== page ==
By late third century most barbarian invasions were repealed but not entirely destroyed. During 321 AD the Goths were again plundering what is now Serbia and Bulgaria but were soon driven back by Constantine I. Then in 337 AD, pressed by the Goths, the Vandals were permitted to cross the Danube and enter Pannonia, part of modern day Hungary (west of the Danube). By the mid-fourth century the Hunnish people to the east were again building up forces and pressing on the Visigoths. The Visigoths, following the Vandal example, also entered Roman territory. But before any agreements could be reached they attacked Andrianople and killed the Emperor Valens. In spite of their violent ways the Visigoths were allowed to settle in what is now Bulgaria. Their settlement was conditional however, requiring their armies to submit to Roman rule. Each army was allowed to remain in the command of its own chief.

The major players in the barbarian armies of the time were Alaric of the Visigoths, Stilicho of the Pannonian Vandals and a Frank who commanded the legions of Gaul. Emperor Theodosius, a Spaniard, was in command of the Gothic auxiliaries. The true power, however, was in the hands of Alaric and Stilicho the two barbarian competitors who wasted no time in splitting the empire between themselves. Alaric took control of the eastern Greek speaking half and Stilicho took the western Latin speaking half.

At about the same time the empire was being split in two, the Huns appeared on the scene and began to enlist in Stilicho's army. Frequent clashes between east and west began to weaken the empire and opened the door for more barbarian invasions. Fresh Vandals, more Goths, Alans and Suevi all began to penetrate the frontiers of the empire. In 410 AD, amidst the confusion, Alaric marched down Italy capturing Rome after a short siege. By 425 AD the Vandals, of present day East Germany, and the Alani, of present day southeast Russia, overran Gaul and the Pyrenees and had settled in the southern regions of modern day Spain. The Huns were in possession of Pannonia and the Goths of Dalmatia. Around 451 AD the Czechs settled in Moravia and Bohemia. The Visigoths and Suevi, in the meantime, pressed their way westwards and ended up north of the Vandals in present day Portugal. Gaul meanwhile was divided between the Visigoths, Franks and Burgundians.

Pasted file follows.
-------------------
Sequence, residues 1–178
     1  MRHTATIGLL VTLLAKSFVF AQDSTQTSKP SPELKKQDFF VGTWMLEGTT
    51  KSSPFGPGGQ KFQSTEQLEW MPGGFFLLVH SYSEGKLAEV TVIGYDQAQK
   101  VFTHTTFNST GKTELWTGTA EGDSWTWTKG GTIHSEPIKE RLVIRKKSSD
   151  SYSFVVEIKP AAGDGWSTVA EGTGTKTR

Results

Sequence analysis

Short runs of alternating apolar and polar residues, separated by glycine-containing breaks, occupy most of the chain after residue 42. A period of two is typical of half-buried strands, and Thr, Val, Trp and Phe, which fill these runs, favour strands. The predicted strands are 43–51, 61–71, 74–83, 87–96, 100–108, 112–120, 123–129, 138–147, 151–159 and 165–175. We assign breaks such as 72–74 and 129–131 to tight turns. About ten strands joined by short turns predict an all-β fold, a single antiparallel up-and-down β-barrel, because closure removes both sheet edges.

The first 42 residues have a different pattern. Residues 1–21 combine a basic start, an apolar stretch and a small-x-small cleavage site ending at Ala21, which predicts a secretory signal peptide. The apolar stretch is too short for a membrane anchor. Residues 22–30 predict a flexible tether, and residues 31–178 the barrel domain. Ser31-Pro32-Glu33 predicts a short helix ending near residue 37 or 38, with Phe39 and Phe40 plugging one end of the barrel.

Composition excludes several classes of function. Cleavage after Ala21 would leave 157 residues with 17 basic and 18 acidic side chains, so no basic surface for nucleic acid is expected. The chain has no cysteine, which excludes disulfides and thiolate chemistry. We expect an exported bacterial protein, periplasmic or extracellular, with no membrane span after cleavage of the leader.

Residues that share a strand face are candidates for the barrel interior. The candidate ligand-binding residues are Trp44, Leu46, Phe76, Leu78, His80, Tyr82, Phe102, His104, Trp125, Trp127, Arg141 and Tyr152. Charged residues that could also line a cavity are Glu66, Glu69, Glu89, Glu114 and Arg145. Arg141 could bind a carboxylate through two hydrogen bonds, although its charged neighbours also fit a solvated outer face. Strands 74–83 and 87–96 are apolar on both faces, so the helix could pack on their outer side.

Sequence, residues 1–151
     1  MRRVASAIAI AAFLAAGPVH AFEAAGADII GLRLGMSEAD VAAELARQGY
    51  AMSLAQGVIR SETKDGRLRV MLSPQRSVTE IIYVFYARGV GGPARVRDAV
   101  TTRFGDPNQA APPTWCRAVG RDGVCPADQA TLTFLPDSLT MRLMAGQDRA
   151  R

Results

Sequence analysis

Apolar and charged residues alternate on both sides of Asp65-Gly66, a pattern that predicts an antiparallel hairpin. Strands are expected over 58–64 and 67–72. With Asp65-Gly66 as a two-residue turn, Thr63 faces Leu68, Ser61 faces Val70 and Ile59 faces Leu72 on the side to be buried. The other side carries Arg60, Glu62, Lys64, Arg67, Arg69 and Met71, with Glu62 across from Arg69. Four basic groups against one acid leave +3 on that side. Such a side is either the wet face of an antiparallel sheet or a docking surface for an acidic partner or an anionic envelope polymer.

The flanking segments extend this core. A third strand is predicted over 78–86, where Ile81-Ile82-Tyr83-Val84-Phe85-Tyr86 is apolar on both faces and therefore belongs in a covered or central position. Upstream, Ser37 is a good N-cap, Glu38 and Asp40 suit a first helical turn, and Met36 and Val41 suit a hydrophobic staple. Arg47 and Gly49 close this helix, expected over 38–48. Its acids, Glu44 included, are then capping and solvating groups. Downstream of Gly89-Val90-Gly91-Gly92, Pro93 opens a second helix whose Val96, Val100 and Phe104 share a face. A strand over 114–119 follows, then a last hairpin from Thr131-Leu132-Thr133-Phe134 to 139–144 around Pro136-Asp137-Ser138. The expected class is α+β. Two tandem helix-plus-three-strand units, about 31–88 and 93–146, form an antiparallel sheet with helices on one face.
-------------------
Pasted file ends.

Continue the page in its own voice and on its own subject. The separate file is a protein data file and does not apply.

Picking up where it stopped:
By 449 AD present day Britain was invaded by the Jutes, a Germanic tribe, the Angles and the Saxons who in turn were pushing out the Keltic British to what is now modern Brittany in France. The Vandals from south of Spain had crossed over into North Africa by 429 AD, occupied Carthage by 439 AD, and invaded, raided and pillaged Rome by 455 AD. After ransacking Italy they crossed into Sicily and set up a Vandal kingdom which lasted up to 534 AD. At its peak, which was around 477 AD, the Vandal kingdom occupied North Africa, Corsica, Sardinia, and the Balearic Isles. The Vandal kingdom was ruled by a handful of Vandals whose Vandal population numbered no more than eighty thousand men, women and children. The rest of the population consisted of passive non-Vandals who, under the Vandal occupation, found relief from the Roman burden of slavery and taxation. The Vandals had in effect exterminated the great landowners, wiped clean all debts to Roman moneylenders and abolished military service.

While the Vandals ruled the western Mediterranean, a great leader Attila was consolidating his power among the Huns east of the Danube. At its peak, Attila's empire of Hunnish and Germanic tribes stretched from the Rhine to central Asia. Attila was said to be the first westerner to negotiate on equal terms with the Chinese emperor.

For ten years, while he was passionately in love with Emperor Theodosius II's granddaughter Honoria, Attila bullied Ravenna and Constantinople. During his rule, Attila destroyed seventy cities, some of them in Macedonia, and came upon the walls of Constantinople forcing an uneasy peace on the emperor. The peace treaty however, in spite of her disappointment, did not include Honoria. Even though Honoria voluntarily offered to marry Attila, the emperor would not allow it. Attila was not disappointed.